Write reams of unreadable wordy bullshit to the point that no normal human being would be able or interested in reading through your junk, and then claim its "art". Extra points if you don't actually have a sensible complete game system included in there, but you pretend you do and claim that anyone who protests just "doesn't understand it" and its their fault for being so ignorant.

VIII. Thou shalt flee from any hint of pace.
Write reams and reams of stuff about the mating habits of that rare monster your players might fight once, but don't include any details about the elven kingdom immediately next door to the default starting location for the new PCs.

IX. Thou shalt murder suspense.
Make sure your very first sourcebook takes any of the cool potential menaces that your setting had and either Destroy Them Forever, or reduce them to some kind of an ineffective joke.

X. Thou shalt excise vile passion like a nose wart, lest it shame thee.
Make sure that in your setting, the players aren't allowed to aspire to anything, or have any ambitions. They can never go above their relatively low station in the power structure of the group they're in, or become the greatest heroes of the land, because either that the position has already been filled by someone of a power level your pcs can't actually ever reach, or the social setup of the world is made so that your players can never actually come out winning in any way. The best they can hope for is to break even.

XI. Thou shalt mock hope as plebian.
A truly crappy game system must be one where not only is evil not really evil, it's the cool choice.
On the other hand make sure that if your setting involves fighting against an approaching evil, your setting material makes it perfectly clear to the GM and he must make it clear to the players that they CAN'T POSSIBLY WIN. It's not allowed.
Or make a snappy "intellectual game" where there's no actual way to win, but the "point" becomes how you address the "theme" of your inevitable decay.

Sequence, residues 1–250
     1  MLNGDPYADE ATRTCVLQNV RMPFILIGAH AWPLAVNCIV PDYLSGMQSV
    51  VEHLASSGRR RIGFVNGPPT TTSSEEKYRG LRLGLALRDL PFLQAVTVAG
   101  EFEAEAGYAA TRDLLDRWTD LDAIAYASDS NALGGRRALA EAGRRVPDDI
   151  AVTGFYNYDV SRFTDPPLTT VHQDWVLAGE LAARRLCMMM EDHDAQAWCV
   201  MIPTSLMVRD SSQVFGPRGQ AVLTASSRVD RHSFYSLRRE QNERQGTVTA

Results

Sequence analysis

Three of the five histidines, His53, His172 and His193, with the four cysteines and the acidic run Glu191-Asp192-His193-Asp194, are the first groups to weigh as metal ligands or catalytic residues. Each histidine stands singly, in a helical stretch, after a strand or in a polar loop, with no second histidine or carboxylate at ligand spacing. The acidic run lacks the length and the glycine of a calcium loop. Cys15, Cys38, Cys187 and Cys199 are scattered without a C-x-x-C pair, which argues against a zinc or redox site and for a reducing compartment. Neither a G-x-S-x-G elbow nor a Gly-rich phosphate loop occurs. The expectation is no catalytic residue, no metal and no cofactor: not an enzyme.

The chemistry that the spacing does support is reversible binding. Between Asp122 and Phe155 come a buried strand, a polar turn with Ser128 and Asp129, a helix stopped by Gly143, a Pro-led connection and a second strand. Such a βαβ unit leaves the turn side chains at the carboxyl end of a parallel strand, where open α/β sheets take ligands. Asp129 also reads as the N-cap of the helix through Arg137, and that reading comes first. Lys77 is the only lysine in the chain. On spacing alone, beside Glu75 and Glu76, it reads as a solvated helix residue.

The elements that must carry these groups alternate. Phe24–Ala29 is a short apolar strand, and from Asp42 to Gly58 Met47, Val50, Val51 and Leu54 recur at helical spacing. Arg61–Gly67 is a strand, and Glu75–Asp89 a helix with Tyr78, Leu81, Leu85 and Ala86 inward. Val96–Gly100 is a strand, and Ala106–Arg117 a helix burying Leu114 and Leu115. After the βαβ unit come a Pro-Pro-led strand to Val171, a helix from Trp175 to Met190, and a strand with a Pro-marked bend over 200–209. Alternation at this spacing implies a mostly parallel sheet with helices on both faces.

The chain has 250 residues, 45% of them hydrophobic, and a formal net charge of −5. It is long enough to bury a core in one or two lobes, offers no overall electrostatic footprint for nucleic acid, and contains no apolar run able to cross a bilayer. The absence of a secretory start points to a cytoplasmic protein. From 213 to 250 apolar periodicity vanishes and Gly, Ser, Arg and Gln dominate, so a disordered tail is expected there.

XII. Thou shalt equate faith with rankest superstition.
Make sure that any organized religions are corrupt and evil to the core, ESPECIALLY if they're monotheist. Any visibly religious people, with the exception of free "eclectic" new age types, are ALWAYS evil.
Make sure your game setting either creates gross misconceptions about Christianity itself, or, if its in a fantasy world, creates a religion that is meant to be an obvious equivalent and makes them evil scum.

XIII. Thou shalt declare RPGs dead, and do thy bit to kill them deader.
Make sure that you as a game designer rant on and on about how RPGs as a hobby are "dying", and the "traditional" models cannot possibly survive. Go on to claim that all the crappy self-absorbed self-serving second-rate junk that you have is actually the Master Plan for a "revolution" that will change RPGs, and that clearly everything that people did before must be thrown out and replaced by your glorious new vision of people playing only morally repugnant games where there's no good or evil, nothing for PCs to do, no way to win, the bulk of the game is about looking good in some way or another and putting on pretentious airs while nothing happens, and there's no fucking point.
Because clearly, there will be millions who will come flocking to that...


(Originally Posted November 12, 2007)


  1. 10th anniversary of 2007? Eighth or a typo there...

    1. It's postings of some of my classic rants, in honors of 10 years of this blog (2005-2015).

  2. Ol' Pundit's 10th anniversaries are usually actually 8th or 9th for some reason only he can fathom.

    Rule XII is okay by me, though.

  3. This doesn't seem like an accurate diagnosis of the problems with the Hurley et al faction to me. In some cases their sins are the exact opposite of these.

    (NB: In most cases I haven't seen their RPG writing, only how they conduct themselves on Twitter and G+, so that's what I'm basing my judgment on.)

  4. I think this can be expanded to cover "How to be a bad GM" because I swear I've been in campaigns that followed those rules.